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A small group of Harvard students and employees staged an “Occupy Speakout” at noon on Tuesday to express their solidarity with the “National Day of Action.”
The group also sought to raise awareness of events they have planned for today, including a walkout of the popular Economics 10 introductory course and a March in Boston later in the day.
“Mic Check! We are the 99 percent across the country!” the group chanted.
The seven Mic Check participants drew attention to several initiatives taking place today, calling on students to join a campus-wide walkout Wednesday. The organizers are planning two separate walkouts—a general walkout at 11:30 a.m. and a walkout from Ec 10 at 12:15 p.m.—before leading students to join a rally in Dewey Square against rising student debt.
“I urge all students to walk out of Ec 10, [because it] represents the ideology that brought about our current economic situation,” shouted organizer Gabriel H. Bayard ’15.
Rachel J. Sandalow-Ash ’15, who with Bayard is helping organize the Economics 10 walk-out, said she believes the class pushes a “strongly conservative neoliberal ideology.” She said, for example, that she thought lectures promoted conservative views against minimum wage.
“I think a more diverse viewpoint needs to be raised,” Sandalow-Ash said. “The problem is that in an introductory course, what the professor says is generally taken as fact,” she said.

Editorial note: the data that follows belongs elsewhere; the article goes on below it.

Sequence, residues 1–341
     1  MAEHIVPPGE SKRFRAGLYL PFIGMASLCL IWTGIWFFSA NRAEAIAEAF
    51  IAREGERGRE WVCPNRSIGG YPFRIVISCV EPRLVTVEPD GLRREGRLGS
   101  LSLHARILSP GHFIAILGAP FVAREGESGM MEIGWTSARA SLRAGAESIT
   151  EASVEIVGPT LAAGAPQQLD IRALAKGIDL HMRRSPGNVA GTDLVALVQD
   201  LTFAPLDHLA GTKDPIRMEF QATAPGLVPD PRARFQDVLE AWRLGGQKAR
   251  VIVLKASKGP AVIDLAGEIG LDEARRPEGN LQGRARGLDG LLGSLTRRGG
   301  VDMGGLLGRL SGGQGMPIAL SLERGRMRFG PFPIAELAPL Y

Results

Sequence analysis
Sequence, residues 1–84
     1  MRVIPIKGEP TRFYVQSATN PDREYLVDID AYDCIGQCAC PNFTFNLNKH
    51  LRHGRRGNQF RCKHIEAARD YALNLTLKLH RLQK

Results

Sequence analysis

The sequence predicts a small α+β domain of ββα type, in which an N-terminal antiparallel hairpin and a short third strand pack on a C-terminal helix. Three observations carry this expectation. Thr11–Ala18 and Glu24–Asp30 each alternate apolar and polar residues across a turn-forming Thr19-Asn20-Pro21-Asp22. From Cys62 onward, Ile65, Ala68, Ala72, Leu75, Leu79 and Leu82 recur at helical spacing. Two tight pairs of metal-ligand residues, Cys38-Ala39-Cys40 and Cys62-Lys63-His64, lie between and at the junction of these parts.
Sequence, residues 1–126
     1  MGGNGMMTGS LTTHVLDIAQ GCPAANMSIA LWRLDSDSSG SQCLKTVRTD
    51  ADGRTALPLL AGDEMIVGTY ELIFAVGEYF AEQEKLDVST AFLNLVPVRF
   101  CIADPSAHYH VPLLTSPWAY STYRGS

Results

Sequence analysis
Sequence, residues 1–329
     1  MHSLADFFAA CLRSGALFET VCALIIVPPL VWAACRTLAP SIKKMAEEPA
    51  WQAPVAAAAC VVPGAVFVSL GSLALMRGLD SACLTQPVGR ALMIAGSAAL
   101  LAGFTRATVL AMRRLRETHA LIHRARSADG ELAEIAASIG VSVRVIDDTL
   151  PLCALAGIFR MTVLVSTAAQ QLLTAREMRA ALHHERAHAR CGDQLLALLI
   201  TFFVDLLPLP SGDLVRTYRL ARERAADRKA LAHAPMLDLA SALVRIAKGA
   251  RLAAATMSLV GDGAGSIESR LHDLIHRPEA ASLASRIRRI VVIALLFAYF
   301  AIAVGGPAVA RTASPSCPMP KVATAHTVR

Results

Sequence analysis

But some students disagree with the characterization of the class. Harvard Republican Club Secretary Aditi Ghai ’14, who took the class last year, said she doesn’t think the class is biased. “The class is about pure economic efficiency. Ideology comes into play when we determine how to balance efficiency with social equity,” she said.
However, Randi B. Michel ’14, currently enrolled in Ec 10, said that she probably wouldn’t walk out. Despite the “constant underlying layer of extreme conservatism, it would be more effective to meet with the Faculty to express any grievances,” she said.
EC 10 professor N. Gregory Mankiw said that Ec 10 is just “mainstream economics,” adding that his textbooks are used at “hundreds of other schools around the world,” including Princeton, Yale and Brown.
“The goal of economics is to help people evaluate the inevitable tradeoffs that public policy entails,” said Mankiw. “While I do not share the specific views of the Occupy Wall Street movement, I am delighted to see students engaged in thinking broadly about social and economic policy. I hope that Ec 10 can help contribute to [that] ongoing discussion.”
Tuesday’s demonstration was intended to show solidarity with the Occupy protests in Oakland, according to Neil Peterman, a student at the Graduate School of Arts and Sciences.
“The whole occupation was brutally attacked,” Peterman said, describing the police’s recent use of tear gas to clear a plaza on Oct. 26. “The basic message of this Mic Check and other events is to stop silencing our movement.”
This article has been revised to reflect the following corrections:
CORRECTION: November 4, 2011
An earlier version of this article incorrectly characterized a student's position on the protest.
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